My name is Lux, and this is my story!

Lux Hettiyadura

I was 16, going on 17… All I wanted was it to end. It could be anyone’s child!

Sitting on the corner of my bed, a pile of pills in my hand and shaking like a fish out of water, I thought about the people who loved me. It was all blurry faces and meaningless noises. I closed my eyes for the last time and started falling into the bottomless darkness as if there was no ground beneath my feet. 

Nothing made sense. Nothing mattered. My heart was racing so loud that I could hear my own heartbeat! It took me less than a blink of an eye; I swallowed all those pills and lay down on the lonely cold floor, hoping it was the end… 

The ghostly haunting noises inside my mind continued to wrap me in the darkness.

“Nobody likes me!”

“Why is this happening to me?”

“Why nobody cares?”

The voices of my parents and teachers were creeping in too…

“I told you this will happen, didn’t I? See what you did!!”

“Why don’t you ever listen to me?”

“Stop being so stubborn! Stop being that!! Stop doing this!!”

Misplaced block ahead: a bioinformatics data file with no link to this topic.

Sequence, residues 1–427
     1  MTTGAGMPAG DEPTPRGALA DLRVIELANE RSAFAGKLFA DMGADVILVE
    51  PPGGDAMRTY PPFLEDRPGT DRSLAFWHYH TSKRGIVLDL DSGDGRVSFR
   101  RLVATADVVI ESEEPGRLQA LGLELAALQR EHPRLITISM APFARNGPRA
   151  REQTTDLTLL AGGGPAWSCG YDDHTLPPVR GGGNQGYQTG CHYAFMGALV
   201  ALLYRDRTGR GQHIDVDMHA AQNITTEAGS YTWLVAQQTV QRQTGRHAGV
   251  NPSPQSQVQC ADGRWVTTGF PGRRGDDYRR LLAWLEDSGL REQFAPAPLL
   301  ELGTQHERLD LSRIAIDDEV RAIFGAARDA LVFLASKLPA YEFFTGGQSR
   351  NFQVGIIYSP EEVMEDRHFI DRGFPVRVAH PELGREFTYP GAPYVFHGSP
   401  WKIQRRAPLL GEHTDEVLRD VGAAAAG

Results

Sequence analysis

I know now, with the best interest at heart, that was the best they knew! And what they didn’t know even in their wildest dreams was that they were throwing fuel at the fire, leaving me even more hopeless, like an utter failure. 

Child and adolescent minds work in mysterious ways. On top of school bullying, peer pressure, the expectation of excelling at the highest grades, balancing academics vs. extracurricular activities, dealing with hormonal changes, and a bit of chemical imbalance in the brain could be lethal! 

All the noise surrounding me confirmed my worst insecurities and actively became my inner voice before I knew it – feeling unworthy, unlovable, and never good enough! 

I was fragile, I was lonely, and I never felt safe. 

Yet, I was trying, trying very hard. 

“What would happen if I said no?”

“I was told, so must obey.”

“If I didn’t do as they said, no one would love me.”

“I need to earn love, work hard for love.”

And little did I know, I was becoming a people pleaser, wanting to save everyone, hoping that I would be saved, or at least I would be noticed.

When I just thought it was the end, I was woken up in a hospital bed, yet again for the third time! I was diagnosed with clinical depression at the age of 16. 

Looking back at my childhood, I remember freedom, playfulness, and happy memories; I wasn’t born that way.

My recovery was a long conscious journey of connecting dots. And one of the connections between my destructive adolescent thought patterns became apparent to me when I studied the Karpmen’s Drama Triangle while being trained to become a Child Development & Parenting Specialist